22 UN staffers detained since mid-2004: Annan
UNITED NATIONS (Reuters) – Twenty-two U.N. staff members
have been detained since mid-2004 despite an international
treaty guaranteeing the safety of U.N. personnel,
Secretary-General Kofi Annan said on Friday.
The total comprised seven in Eritrea, four in Afghanistan,
two in Ethiopia, two in Serbia’s Kosovo province and one each
in Bangladesh, Indonesia, Iran, Mozambique, Russia, Sudan and
Zimbabwe, Annan said in a report to the 191-nation U.N. General
He said one U.N. employee who worked for the International
Bank for Reconstruction and Development was listed as missing
in Sri Lanka following last December’s Indian Ocean tsunami.
The seven held in Eritrea were all Eritrean nationals in
custody after being charged with failure to fulfill their
national military service obligations, a U.N. official said.
“The United Nations is concerned about its staff and feels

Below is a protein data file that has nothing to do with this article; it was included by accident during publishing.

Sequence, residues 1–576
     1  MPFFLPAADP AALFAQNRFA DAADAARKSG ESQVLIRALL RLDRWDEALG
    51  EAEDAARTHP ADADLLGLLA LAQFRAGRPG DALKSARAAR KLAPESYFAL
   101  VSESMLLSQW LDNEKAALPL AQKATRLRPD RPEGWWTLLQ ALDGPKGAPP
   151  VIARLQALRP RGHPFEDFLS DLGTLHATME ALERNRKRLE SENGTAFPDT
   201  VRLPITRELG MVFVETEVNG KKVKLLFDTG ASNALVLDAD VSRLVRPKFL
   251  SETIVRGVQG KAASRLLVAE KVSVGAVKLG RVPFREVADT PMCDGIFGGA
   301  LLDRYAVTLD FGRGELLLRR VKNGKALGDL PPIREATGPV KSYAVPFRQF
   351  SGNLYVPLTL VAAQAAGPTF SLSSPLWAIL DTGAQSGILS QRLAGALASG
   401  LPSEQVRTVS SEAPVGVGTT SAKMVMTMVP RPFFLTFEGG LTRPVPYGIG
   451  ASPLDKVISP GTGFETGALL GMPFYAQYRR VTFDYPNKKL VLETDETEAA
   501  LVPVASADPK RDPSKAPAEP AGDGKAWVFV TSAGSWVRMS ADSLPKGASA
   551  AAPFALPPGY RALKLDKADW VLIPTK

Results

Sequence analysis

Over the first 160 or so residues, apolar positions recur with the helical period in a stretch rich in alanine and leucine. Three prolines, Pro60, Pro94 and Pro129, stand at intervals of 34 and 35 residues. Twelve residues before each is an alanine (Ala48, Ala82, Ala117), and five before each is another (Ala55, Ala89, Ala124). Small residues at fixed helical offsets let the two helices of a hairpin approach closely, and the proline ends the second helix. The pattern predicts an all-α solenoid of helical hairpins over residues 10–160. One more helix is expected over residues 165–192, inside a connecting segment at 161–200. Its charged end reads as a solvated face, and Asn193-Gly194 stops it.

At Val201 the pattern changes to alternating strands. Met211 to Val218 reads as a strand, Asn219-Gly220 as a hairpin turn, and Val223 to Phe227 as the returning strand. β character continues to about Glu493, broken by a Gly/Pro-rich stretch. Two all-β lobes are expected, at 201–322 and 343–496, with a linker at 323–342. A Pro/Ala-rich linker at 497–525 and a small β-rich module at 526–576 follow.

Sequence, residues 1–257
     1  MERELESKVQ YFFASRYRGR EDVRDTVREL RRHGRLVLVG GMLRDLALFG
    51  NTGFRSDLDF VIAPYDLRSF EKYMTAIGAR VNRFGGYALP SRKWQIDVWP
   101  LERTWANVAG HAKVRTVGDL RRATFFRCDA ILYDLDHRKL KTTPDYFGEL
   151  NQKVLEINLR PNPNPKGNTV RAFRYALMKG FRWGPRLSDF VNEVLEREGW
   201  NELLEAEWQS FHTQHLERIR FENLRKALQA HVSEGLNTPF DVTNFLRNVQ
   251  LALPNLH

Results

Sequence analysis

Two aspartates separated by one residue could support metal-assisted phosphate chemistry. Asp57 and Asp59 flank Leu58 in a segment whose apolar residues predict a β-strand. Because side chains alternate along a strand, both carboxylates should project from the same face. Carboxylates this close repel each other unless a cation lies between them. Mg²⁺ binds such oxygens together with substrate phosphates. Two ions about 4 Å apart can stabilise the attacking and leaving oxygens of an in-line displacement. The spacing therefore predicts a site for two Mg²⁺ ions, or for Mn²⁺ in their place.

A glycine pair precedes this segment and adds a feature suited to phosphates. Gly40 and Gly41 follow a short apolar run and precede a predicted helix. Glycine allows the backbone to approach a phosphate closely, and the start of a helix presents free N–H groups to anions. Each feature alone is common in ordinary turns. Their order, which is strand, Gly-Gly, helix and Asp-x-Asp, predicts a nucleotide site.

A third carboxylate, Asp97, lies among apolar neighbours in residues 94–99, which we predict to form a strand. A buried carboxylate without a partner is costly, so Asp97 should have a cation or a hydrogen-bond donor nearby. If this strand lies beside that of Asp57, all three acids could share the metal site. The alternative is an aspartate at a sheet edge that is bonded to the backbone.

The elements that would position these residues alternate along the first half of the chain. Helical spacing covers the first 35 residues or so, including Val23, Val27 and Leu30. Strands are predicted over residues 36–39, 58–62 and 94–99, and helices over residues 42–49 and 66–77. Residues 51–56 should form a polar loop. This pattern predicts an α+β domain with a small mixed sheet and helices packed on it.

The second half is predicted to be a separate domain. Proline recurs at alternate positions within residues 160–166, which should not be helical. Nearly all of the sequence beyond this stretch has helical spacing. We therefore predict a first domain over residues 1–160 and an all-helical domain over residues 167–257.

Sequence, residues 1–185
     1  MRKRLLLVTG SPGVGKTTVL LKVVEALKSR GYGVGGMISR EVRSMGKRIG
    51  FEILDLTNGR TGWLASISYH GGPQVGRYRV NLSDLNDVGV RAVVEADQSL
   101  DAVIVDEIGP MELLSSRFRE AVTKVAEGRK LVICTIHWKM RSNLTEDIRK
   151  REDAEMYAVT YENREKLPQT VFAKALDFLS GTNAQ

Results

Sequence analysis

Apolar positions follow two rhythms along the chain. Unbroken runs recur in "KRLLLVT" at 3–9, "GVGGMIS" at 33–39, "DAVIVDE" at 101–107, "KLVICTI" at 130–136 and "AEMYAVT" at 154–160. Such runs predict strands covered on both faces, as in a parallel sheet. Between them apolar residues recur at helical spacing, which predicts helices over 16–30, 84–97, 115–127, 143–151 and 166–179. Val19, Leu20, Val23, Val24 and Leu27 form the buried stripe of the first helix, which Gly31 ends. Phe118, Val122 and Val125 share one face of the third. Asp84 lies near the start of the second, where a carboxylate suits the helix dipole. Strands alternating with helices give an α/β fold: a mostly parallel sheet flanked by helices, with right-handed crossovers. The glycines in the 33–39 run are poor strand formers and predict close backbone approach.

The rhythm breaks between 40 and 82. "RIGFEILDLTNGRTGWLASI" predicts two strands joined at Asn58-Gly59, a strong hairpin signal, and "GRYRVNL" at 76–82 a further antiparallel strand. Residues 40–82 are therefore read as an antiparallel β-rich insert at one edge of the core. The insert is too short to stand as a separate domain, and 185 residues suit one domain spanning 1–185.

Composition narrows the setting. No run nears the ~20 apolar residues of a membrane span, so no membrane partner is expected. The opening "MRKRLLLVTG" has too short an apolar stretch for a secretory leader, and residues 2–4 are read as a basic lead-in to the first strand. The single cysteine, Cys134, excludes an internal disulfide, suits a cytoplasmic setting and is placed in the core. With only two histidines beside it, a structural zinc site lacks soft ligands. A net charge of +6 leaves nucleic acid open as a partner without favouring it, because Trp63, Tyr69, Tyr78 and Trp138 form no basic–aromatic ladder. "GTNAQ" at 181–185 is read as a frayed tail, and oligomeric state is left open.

strongly against the detention of its staff members,” U.N.
spokesman Brenden Varma said.
The General Assembly asked Annan to monitor threats to U.N.
staff around the world after two 2003 bombings of U.N. offices
in Baghdad, including one that killed 22 people. His report
covered the period from July 1, 2004, to June 30, 2005.
While the world body did not suffer another catastrophic
attack during the period, it was marked by “significant threats
and risk” to staff, Annan said, citing the situation in Iraq,
Afghanistan, Sudan and Lebanon, among others.
There was a sharp increase in hostage-takings and
kidnappings, and “recent events of international terrorism,
while sparing United Nations facilities, presage a further
widening of risks that spares no country or activity,” he said.